Finance Minister Steven Mnuchin deplored the Money for Art in the Coronavirus Stimulus Package

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Finance Minister Steven Mnuchin deplored the Money for Art in the Coronavirus Stimulus Package

Finance Minister Steven Mnuchin, who made a lot of money in the entertainment industry before joining the administration of President Donald Trump, deplored that the economic stimulus package, in response to the nation’s corona virus crisis, contained money for art.

The approved Senate package, which is expected to be signed by Trump after the Parliament passes, includes $ 75 million for the National Endowment for the Arts and $ 75 million for the Corporation for Public Broadcasting (CPB), which supports PBS television stations and National Public Radio Stations. Also, $ 25 million in stimulus money will be given to the John F. Kennedy Center for the Performing Arts in Washington, D.C.

“I like the Kennedy Center. I don’t know why we need to put it in the coronavirus bill. And public broadcasts. This is not a coronavirus,” Mnuchin said Wednesday night at Hannity, Fox News event hosted by Sean Hannity.

When Hannity accused the Democrats of filling the bill with pork, Mnuchin replied that it was a business negotiation and the two sides needed to compromise.

“They are willing to let the Americans suffer and wait so they can get all this nonsense for the National Endowment for the Arts and Kennedy Center, all the other rubbish,” Hannity said.

“I agree with you,” said Mnuchin. “I’d rather send the money to the hospital than send the money to the Kennedy Center. Nobody is against the Kennedy Center, but it’s about the coronavirus.”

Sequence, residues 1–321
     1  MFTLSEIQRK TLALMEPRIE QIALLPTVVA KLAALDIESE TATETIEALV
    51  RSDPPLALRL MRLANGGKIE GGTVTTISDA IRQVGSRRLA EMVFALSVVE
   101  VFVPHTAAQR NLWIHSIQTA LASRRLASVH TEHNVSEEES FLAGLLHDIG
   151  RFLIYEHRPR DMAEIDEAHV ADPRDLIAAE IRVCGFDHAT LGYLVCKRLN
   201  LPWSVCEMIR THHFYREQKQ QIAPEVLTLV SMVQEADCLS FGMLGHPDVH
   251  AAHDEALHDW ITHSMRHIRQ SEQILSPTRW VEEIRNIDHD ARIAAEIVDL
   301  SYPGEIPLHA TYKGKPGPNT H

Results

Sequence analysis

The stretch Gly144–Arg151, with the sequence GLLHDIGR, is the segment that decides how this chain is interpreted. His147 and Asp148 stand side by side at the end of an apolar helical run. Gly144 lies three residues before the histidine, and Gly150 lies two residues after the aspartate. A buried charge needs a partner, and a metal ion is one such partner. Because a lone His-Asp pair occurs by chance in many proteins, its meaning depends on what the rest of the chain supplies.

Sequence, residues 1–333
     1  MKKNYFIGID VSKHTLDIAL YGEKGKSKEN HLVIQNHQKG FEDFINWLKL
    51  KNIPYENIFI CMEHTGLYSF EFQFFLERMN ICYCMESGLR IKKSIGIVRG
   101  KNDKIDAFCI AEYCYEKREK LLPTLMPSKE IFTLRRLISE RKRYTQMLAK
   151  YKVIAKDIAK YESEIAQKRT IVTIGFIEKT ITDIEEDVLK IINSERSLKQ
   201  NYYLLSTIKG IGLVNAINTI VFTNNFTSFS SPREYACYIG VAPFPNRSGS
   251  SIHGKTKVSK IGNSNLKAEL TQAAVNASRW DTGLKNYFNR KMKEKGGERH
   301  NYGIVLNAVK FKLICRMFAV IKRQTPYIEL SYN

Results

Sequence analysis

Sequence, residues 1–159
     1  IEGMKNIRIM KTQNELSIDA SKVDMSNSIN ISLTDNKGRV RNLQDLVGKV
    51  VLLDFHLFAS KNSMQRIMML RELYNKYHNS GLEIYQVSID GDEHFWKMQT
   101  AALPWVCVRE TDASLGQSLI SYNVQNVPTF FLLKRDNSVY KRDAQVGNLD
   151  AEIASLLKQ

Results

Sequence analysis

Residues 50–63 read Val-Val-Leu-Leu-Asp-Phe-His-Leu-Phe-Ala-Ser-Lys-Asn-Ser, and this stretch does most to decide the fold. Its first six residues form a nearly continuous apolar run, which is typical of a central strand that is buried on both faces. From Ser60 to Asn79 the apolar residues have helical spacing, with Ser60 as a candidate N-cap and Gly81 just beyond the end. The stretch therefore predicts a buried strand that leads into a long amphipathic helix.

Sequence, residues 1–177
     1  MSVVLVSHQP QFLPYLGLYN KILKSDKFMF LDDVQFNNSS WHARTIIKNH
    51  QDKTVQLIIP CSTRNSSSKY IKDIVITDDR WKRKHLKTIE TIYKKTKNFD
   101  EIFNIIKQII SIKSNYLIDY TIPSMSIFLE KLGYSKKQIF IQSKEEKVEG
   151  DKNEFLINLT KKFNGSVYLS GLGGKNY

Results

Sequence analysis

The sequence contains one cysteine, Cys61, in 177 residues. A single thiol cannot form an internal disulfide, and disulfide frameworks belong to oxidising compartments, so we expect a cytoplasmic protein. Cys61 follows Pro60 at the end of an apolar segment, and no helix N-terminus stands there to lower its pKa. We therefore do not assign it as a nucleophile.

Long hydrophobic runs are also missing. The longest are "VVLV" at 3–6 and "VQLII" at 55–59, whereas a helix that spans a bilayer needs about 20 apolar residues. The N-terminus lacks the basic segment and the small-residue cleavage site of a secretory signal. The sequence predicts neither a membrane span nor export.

President Donald Trump and Treasury Secretary Steven Mnuchin, joining members of the Coronavirus Task Force, raised questions about the pandemic in a press conference room at the White House on March 17 in Washington, D.C.
Drew Angerer / Getty

Mnuchin added, “We take everything related to wind and environmental issues and cut a lot of things from this agreement.”

Mnuchin’s statement made him at odds with Trump, who revealed in a press conference Wednesday that Democrats want $ 35 million for the Kennedy Center but the Republicans receive $ 25 million.

“The Kennedy Center, they did a beautiful job,” Trump said. “I have no problem with that, but this is a request from Democrats due to the fact that they have facilities that are basically closed.”

The CPB and the Kennedy Center did not respond to requests for comment, but the latter announced on March 17 that it would be closed until at least May 10. CPB and NEA, meanwhile, have always been antidotes when it comes to public funding, with many Republicans arguing that they should get less money, or none at all, from taxpayers.

Also, small businesses of all types will have access to more than $ 450 billion in loan guarantees after Trump signs the law. The National Theater Owners Association, which lobbies on behalf of the film exhibition industry, has praised the law and estimates it can help theater operators survive now because most US auditoriums are closed indefinitely.

Mnuchin has deep ties with the film industry, after becoming an investor in RatPac-Dune Entertainment, which co-produced American Sniper and Mad Max: Fury Road. He also has a lot of film credits, such as executive producers for titles like Sully starring Tom Hanks and The Accountant starring Ben Affleck.

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